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Customer Data - Are You Gathering the Right Kind?

Customer Data

Jack Welch, the former Chairman and CEO of General Electric once said, “An organization’s ability to learn, and translate that learning into action rapidly, is the ultimate competitive advantage.”

This statement has never been truer.

Gathering the right kind of data about your customers and prospects can really set you apart from your competition, especially if you’re a small business.

You Can’t Capture Everything

What kind of data should you be capturing? How can you make sure that you are gathering the best information to help you find the right people, at the right time, through the right channel, with the right offer?

It makes sense for companies like Google and Facebook to capture as much data as possible. After all, they’re in the business of selling data.

For small businesses, however, it’s about finding information that can help you get to know your customers and prospects better. Here are a few types of data you may be interested in capturing.

Contact Information (the Basics)

Let’s start with the simple stuff. If you keep good records, you probably have most of this information for anyone who’s ever done business with you.

We’re talking about things like first and last name, address, phone number, and email address. Contact details will give you enough information to set up individual profiles for every customer you have.

With this information alone, you can contact your customers by mail, phone, or email and you know how to address them personally. This is a great start.

Purchase/Sales Data

Now that you have some basic profiles set up for your customers, the next tier of data you want to think about is sales history. Again, most of this information can come from your invoicing or point of sale system.

Here are some data points you may want to collect:

  • Dates of purchases
  • Amounts paid
  • Items purchased
  • Discounts or promotions used on purchase
  • Frequency of purchases

This information starts to paint a better picture of your customer with regard to how they do business with you. You’ll be able to figure out who your frequent customers are and who has only purchased from you once.

You can use this to determine what sales or promotions are working and which aren’t. What percentage of people who take advantage of promotions go on to buy from you again? All of this is valuable information.

Demographic Information

All of the data covered so far is relatively easy to acquire. You can use the profiles you’ve created to cater to customers and set yourself apart from industry competitors.

The following are some of the most common demographic data points you may want to capture:

  • Gender
  • Age
  • Marital status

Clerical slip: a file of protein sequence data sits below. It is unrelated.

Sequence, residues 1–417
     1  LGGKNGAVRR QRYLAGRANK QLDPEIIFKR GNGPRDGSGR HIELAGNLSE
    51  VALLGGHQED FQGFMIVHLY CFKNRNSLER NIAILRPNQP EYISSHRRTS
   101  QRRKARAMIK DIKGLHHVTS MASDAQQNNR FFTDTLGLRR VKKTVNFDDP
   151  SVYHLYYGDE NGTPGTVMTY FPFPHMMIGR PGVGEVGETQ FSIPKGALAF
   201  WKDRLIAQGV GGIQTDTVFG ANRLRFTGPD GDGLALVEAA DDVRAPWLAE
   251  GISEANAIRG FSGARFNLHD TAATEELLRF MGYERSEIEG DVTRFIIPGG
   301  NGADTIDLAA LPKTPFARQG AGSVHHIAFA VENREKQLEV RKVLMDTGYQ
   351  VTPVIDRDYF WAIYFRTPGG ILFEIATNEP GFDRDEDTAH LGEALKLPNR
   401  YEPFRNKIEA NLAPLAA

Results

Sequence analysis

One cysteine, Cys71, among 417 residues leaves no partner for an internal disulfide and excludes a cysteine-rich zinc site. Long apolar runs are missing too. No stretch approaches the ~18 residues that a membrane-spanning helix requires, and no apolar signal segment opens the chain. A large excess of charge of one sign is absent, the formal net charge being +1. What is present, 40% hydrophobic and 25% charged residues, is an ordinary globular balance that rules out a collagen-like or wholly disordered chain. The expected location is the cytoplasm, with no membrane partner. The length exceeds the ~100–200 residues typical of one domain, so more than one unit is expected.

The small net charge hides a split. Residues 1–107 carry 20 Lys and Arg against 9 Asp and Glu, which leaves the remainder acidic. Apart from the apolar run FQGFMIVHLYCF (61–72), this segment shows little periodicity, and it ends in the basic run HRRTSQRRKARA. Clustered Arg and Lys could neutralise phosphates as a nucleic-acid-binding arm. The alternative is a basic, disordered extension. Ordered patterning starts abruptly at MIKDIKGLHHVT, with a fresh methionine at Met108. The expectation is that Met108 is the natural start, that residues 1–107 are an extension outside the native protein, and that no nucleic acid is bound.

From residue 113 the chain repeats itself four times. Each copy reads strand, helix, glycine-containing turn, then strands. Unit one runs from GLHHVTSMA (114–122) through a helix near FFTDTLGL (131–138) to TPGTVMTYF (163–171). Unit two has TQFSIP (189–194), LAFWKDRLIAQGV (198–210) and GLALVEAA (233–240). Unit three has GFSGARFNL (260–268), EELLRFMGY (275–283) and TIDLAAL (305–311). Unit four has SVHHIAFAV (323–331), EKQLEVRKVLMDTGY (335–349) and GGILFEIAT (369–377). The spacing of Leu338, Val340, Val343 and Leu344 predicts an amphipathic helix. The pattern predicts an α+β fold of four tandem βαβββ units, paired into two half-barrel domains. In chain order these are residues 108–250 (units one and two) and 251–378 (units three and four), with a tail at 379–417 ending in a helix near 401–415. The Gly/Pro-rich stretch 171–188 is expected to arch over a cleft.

• Family data (kids, pets, etc.)
  • Individual/household income
  • Occupation

With this data in hand, you can better determine the products and services your customers (and potential customers) are most interested in.

Consider creating categories of customers, or “personas,” to group people with similar demographic information. The more data you continue to collect, the clearer the picture of each customer will become.

Behavioral Data

Demographic information helps you segment your customers and prospects into personas. Behavioral data enables you to deep dive into each individual’s profile and learn more about how he or she interacts with your brand, especially online. Here are some common behavioral data points you may want to consider collecting:

  • Frequency of website visits
  • Items added to cart
  • Page views
  • Email open rates
  • Days and times most active online

Understanding the behavior of your individual customers and prospects will help you personalize the way you communicate with them. You can separate your “regulars” from your “one-off” customers, understand where someone is in the funnel, and see what kind of content leads people to purchase or walk away.

Customer Experience Feedback

All of the customer data we’ve discussed so far can be taken from sources such as your website, point of sale, email lists, loyalty programs, and contact forms.

While this information is helpful, the best way to understand how you can better serve your customers is simply to ask them. People want to have the best experience possible, and in most cases will be happy to provide you with valuable feedback that you can use to improve the way you do business.

Customer experience feedback is all about perception. The best way to gather this information is to use surveys.

From there, it’s just about asking the right questions. Here are some popular companies that can provide you with excellent customer experience feedback tools.

  • General CSAT (Customer Satisfaction)
  • ACSI (American Customer Satisfaction Index)
  • NPS (Net Promoter Score)
  • CES (Customer Effort Score)
  • CxPi (Customer Experience Index)

While the prospect of gathering customer data can be daunting, it’s becoming more and more important. Don’t try to do everything at once.

Start small by collecting basic contact information and purchase data. If you stick with it, you’ll be creating personalized experiences and offers for your customers in no time.